The Princeton Longevity Center Medical News
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The Annual Pap Isn't Annual Any More
By: David A Fein, MD
No woman likes it but the annual Pap Smear has long been an unpleasant necessity. What many women don’t realize is that in recent years the guidelines for cervical cancer screening have changed. An annual Pap Smear is no longer recommended by the leading authorities.
According to the National Cancer Institute, there were more than 12,000 new cases of cervical cancer in 2013, resulting in about 4,000 deaths. More than 90% of cervical cancers are caused by prior infection with Human Papilloma Virus (HPV). This infection is sexually transmitted but very often produces little or no symptoms in women. There are numerous strains of HPV and most of them do not cause cancer.
A vaccine is now available which can protect against infection with some of the strains that pose the highest risk. But to be most effective, the vaccine must be given before infection occurs. A consensus is gradually emerging that men should also be vaccinated before they become sexually active. A higher percentage of men carry HPV and infection in men has been linked to penile and throat cancers. Vaccinating men for HPV will also help to lessen the risk of HPV infection in women.
The standard Pap Smear is used to screen for cervical cancer. By microscopically examining cells scraped from the lining of the cervix it is possible to detect cancer cells and pre-cancerous cells that indicate a high risk of future cervical cancers.
Most cervical cancers are slow growing. So, an annual Pap Smear may not offer a better outcome than less frequent testing. While there may be some delay in diagnosis with less frequent Pap Smears, it is unlikely that the cancer will have progressed enough to change the treatment or prognosis.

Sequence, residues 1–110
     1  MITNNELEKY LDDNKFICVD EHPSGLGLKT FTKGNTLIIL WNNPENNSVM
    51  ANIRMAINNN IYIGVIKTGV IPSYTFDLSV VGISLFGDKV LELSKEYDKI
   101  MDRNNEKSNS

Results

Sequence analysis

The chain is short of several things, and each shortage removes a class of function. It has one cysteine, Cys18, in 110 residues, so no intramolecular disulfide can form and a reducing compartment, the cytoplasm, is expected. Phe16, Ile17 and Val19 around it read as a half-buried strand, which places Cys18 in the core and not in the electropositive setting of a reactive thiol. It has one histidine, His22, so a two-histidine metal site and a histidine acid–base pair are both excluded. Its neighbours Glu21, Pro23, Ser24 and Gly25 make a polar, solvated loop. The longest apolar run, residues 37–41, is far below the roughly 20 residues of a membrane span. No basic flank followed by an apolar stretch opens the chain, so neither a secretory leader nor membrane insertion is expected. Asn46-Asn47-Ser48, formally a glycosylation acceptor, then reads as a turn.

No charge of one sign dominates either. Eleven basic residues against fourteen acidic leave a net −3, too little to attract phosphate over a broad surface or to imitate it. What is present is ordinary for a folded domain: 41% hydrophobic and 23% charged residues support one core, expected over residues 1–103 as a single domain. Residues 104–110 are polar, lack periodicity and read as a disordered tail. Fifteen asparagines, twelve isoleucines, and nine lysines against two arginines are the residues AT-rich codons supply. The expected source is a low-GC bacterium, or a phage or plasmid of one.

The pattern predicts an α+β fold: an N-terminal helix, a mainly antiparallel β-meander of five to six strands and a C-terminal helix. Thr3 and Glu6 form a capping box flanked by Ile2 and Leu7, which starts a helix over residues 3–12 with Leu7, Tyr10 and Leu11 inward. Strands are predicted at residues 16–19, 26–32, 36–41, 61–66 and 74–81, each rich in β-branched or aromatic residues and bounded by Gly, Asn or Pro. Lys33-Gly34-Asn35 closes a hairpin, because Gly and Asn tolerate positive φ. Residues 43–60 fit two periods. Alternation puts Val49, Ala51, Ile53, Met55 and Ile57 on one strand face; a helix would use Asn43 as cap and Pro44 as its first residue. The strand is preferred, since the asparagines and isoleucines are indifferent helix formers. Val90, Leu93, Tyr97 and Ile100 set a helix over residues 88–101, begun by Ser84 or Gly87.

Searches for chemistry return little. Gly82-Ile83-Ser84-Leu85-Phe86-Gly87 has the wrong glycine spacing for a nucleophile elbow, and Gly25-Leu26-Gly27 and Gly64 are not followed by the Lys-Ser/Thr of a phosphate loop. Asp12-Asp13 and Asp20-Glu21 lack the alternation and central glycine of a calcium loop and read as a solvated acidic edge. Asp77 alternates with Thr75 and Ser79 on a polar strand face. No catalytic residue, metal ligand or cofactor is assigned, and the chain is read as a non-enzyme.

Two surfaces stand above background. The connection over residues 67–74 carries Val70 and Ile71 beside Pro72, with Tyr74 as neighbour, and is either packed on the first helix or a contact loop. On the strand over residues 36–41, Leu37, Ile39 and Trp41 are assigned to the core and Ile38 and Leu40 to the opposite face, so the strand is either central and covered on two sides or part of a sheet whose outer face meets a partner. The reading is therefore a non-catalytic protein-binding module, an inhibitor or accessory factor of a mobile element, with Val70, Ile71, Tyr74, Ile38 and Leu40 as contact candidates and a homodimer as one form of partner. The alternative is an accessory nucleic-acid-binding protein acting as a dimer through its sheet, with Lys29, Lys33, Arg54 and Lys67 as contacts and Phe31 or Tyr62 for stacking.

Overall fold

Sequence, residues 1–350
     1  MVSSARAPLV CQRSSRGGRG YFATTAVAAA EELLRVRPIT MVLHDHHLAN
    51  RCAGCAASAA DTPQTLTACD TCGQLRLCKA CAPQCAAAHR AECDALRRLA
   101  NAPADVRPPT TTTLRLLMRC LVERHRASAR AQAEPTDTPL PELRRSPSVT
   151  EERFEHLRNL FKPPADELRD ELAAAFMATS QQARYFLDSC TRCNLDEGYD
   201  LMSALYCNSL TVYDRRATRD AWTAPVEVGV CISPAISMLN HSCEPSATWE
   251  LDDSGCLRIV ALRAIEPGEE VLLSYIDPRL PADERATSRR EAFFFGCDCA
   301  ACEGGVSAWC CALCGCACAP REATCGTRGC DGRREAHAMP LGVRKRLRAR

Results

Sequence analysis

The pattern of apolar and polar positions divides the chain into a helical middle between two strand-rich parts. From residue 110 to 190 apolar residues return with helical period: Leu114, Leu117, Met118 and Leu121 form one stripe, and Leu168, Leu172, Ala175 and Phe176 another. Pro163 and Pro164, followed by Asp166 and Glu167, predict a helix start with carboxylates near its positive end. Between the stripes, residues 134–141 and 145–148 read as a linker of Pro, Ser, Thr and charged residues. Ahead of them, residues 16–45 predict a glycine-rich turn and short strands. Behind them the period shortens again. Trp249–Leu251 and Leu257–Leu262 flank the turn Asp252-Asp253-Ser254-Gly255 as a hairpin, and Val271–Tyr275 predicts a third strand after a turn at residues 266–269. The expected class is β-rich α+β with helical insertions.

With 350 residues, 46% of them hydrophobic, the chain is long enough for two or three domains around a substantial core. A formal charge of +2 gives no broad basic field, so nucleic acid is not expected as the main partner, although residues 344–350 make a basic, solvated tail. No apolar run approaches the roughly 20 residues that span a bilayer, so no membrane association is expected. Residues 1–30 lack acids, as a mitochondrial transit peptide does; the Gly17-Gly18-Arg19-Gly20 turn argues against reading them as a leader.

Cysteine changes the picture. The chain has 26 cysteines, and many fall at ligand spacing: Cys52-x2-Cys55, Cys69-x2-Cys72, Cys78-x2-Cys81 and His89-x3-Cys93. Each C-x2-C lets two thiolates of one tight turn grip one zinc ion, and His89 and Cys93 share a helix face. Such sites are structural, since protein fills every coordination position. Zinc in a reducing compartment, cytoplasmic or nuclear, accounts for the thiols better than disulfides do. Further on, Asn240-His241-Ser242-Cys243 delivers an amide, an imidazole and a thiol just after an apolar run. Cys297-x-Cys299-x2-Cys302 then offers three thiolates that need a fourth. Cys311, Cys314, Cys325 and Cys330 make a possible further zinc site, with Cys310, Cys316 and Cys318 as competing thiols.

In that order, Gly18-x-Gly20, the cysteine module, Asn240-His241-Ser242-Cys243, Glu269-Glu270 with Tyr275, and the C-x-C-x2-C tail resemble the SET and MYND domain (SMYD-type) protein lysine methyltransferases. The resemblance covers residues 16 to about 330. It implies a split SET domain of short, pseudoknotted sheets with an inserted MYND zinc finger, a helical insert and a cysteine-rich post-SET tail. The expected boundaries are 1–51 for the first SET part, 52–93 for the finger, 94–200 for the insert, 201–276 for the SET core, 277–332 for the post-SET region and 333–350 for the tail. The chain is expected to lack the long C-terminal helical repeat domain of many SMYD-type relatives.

A separate test can be done at the same time the Pap Smear is done to detect the presence of HPV. Women who have no evidence of prior infection with HPV, or have only the low-risk strains of HPV present, are at much less likely to develop cervical cancer. In that case, the interval between Pap Smears can be extended.
The end result is that many women can forego annual Pap Smears and switch to a screening interval of every 3 to 5 years.
The US Preventive Services Task Force (USPSTF) and the American College of Obstetricians and Gynecologists currently recommends that women ages 21 to 65 have a Pap Smear every 3 years. The USPSTF guidelines go further and say that women ages 30 to 65 who do not have evidence of a high risk strain of HPV can go 5 years between a Pap Smear combined with HPV testing.
Women who have had a total hysterectomy, including removal of the cervix, and have never had an abnormal Pap Smear or gynecological cancer can discontinue Pap Smears entirely.
Women over the age of 65 who have never had an abnormal Pap Smear can also stop having Pap Smears done.
While an HPV test and Pap Smear are excellent screening tools for early detection of cervical cancer, they are not effective for other gynecologic cancers such as uterine and ovarian cancer. These cancers may be detectable as part of a routine pelvic examination by your doctor.
Pelvic ultrasound may also be able to detect uterine or ovarian cancers that have not yet started to cause symptoms. However, the evidence to date for screening for these cancers is much less compelling than screening for cervical cancer. Unfortunately, research efforts at early detection of these cancers has so far generally found that there was no significant improvement in long-term survival for these cancers but there was an increase in the number of surgeries for benign cysts and other non-cancerous conditions.
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